BCCLA to VPD: Leave the big guns at home for demos
The BCCLA has asked the Vancouver Police Department to stop bringing semi-automatic military weaponry to demonstrations in Vancouver, even where demonstrations present public order issues.
“Even in a scenario like Saturday where a group of protesters engage in illegal property damage, as well as reprehensible violence against police and citizens, the Police were able to restore order without pepper spray, tear gas, rubber bullets, Tasers or handguns,” said Robert Holmes, President of the BCCLA. “Do they really need military grade semi-automatic rifles?”
The BCCLA has monitored police action over a number of major public order events over many years, including the Guns and Roses riot, the so-called “Riot at the Hyatt”, and the Stanley Cup riot. Saturday is the first instance the BCCLA is aware of where military guns have been deployed for civilian crowd control purposes in Vancouver.
“High powered rifles in a stressful situation add to the risk of law enforcement and security measures going seriously wrong,” said Holmes. “The public has not been told of any security threat that would justify the presence of such weaponry. Just as the sonic gun raised controversy last fall, so too the presence of these weapons should be explained and, unless absolutely necessary, they should be withdrawn.”
Vancouver Police Department public order officer Vince Forsberg confirmed that the weapons were deployed to back up Crowd Control Unit police officers who do not carry firearms, and said that he understood them to be “intermediate weapons” designed “to allow an accurate shot at an intermediate range (usually under 100 meters).”
Legal Observing is a way of volunteering for the Olympics that fits with my values and feels useful. My son told me about the program when I expressed my ambivalence about the games. Our training stressed our neutral role, and reminded me of my first experience in contribution through witnessing.
In November 1969, I was part of a busload of Toronto university students at the Moratorium in Washington DC protesting the war in Vietnam. The organizers needed volunteers from the protesters to maintain the proportionate number of “marshals” required by their parade permit. So, along with many of the Canadians, I stopped marching and became a peacekeeper. Wikipedia reports that “a quarter of a million demonstrators were led by Pete Seeger in singing John Lennon’s new song ‘Give Peace a Chance’.” I was there in the front row, though my back was turned to the celebrities. I stood in the human chain around the stage, facing the crowd. In my role as buffer, I felt like I was living the lyrics.
The civil liberties issues are different with the Olympics, but I am glad that, by becoming a Legal Observer, I have found a way of situating myself to the games. Through visibility and record-keeping, I hope I can help maintain a safe space for the articulation of differing points of view.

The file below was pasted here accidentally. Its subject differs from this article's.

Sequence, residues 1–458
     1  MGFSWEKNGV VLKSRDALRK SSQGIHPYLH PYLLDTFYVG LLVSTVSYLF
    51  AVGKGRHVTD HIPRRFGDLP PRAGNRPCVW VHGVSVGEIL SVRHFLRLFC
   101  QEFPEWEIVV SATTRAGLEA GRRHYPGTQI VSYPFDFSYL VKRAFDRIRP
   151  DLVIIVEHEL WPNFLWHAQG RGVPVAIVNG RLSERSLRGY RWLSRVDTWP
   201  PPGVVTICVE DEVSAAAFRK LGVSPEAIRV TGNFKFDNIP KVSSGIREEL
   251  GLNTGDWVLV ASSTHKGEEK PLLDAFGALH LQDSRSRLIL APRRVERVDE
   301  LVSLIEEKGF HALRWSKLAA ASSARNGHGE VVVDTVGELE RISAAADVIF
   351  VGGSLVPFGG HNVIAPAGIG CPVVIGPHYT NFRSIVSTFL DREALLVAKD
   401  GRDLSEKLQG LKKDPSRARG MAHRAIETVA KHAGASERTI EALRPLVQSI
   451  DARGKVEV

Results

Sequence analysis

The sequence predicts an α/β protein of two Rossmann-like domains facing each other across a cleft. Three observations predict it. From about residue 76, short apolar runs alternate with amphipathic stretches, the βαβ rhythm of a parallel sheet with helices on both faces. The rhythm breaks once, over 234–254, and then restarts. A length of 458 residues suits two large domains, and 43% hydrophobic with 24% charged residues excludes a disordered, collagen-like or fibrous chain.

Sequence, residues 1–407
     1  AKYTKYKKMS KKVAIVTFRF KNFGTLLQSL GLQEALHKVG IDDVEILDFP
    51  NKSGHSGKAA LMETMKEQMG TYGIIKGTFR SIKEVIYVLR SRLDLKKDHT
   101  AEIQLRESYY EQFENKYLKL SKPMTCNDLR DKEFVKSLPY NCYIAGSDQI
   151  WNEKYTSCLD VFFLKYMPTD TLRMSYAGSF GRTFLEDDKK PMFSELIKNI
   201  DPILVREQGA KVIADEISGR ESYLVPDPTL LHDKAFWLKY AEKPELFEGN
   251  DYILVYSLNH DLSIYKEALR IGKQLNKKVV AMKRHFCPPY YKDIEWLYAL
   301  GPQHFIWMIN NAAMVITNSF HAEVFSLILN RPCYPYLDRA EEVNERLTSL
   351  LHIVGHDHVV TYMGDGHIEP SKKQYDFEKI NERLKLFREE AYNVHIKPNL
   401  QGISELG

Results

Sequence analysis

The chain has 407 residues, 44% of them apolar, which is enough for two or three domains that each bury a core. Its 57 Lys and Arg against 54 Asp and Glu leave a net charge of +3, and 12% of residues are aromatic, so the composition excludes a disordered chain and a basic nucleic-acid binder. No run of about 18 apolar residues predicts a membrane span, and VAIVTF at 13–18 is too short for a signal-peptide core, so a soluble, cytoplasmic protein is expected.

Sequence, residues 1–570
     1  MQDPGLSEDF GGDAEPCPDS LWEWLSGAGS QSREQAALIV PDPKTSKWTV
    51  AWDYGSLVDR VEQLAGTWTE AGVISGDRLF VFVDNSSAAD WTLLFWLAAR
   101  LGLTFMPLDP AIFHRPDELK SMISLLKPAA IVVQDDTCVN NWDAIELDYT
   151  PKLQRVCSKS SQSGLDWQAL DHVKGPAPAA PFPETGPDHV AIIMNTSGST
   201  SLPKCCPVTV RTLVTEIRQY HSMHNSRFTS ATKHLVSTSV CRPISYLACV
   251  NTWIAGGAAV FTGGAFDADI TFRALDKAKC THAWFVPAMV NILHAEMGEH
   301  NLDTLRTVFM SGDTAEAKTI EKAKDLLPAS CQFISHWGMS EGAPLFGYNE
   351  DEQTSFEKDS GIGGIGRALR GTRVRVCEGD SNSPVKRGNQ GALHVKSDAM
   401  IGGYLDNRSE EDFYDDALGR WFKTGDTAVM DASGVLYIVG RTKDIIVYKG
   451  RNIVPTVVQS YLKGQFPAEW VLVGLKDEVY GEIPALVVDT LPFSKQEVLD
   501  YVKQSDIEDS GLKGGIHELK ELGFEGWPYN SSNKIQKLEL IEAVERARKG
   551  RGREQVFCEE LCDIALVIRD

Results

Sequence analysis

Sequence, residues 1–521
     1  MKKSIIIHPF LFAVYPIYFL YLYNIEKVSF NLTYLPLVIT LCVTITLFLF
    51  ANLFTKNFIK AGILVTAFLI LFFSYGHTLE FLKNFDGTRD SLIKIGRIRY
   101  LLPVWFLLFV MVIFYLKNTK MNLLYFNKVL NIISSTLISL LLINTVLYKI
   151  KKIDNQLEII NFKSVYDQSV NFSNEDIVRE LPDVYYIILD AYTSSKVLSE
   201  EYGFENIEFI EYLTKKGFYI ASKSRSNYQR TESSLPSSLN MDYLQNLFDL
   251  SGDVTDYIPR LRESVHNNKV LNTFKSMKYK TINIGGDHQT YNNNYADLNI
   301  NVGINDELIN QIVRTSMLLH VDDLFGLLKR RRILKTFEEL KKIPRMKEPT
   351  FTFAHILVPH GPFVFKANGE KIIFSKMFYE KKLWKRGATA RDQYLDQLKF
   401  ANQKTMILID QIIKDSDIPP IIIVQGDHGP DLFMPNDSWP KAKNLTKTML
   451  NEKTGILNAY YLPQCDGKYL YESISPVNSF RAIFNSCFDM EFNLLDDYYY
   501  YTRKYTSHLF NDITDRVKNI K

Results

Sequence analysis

I have decided to participate in the Legal Observer Program during the 2010 Winter Olympics because I believe that all of us – protesters, Olympic dissenters, police officers, security forces, and even tourists (!) – are human beings.
Protesters, who believe passionately in a cause, are mere human beings. They are sometimes tempted to let their passion turn to violence against other humans in order to uphold that cause. This is human nature.
Police officers, who are given positions of authority, are mere human beings. They are sometimes tempted to abuse their power, especially when situations are chaotic and split-second decisions are required. This, too, is human nature.
I am merely human. I cannot say what violent things I might do if I were more severely impacted by some of the issues protesters are protesting. I also cannot say how I would react if given the authority and means to use “reasonable force” to “keep the peace” in some of these tense situations.
Yes, we are all merely human, but we are also all gloriously human – glorious just for being human. So glorious, in fact, that every one of us has rights and freedoms, including the freedom to express our opinions, and the right to the security of our person.
So, in these tense and very human confrontations, I see Legal Observers as reminders of our humanity – our potential for ugliness and our potential for glory. I hope the brightly-dressed Legal Observers remind everyone on scene that we have a choice: we can get ugly, abusing our power and our freedom, or we can use both our power and our freedom wisely and peace-lovingly, even when we disagree, recognizing and upholding the rights of every human involved.
British Columbia Civil Liberties Association
February 16, 2010
For immediate release
BC Civil Liberties Calls on Canadian Border Services to Explain their “Inland” Patrols